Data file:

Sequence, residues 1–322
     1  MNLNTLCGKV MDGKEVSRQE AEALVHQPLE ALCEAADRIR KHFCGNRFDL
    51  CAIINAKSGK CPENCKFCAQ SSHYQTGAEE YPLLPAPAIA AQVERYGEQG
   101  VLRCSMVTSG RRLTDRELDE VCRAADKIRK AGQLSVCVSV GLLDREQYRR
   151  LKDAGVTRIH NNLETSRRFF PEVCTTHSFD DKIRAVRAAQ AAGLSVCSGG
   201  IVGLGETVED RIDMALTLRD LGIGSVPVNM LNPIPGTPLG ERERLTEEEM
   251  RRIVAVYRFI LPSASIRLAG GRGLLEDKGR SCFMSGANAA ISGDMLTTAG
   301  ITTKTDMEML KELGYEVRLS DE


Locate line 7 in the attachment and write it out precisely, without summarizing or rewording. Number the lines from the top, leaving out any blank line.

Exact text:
   251  RRIVAVYRFI LPSASIRLAG GRGLLEDKGR SCFMSGANAA ISGDMLTTAG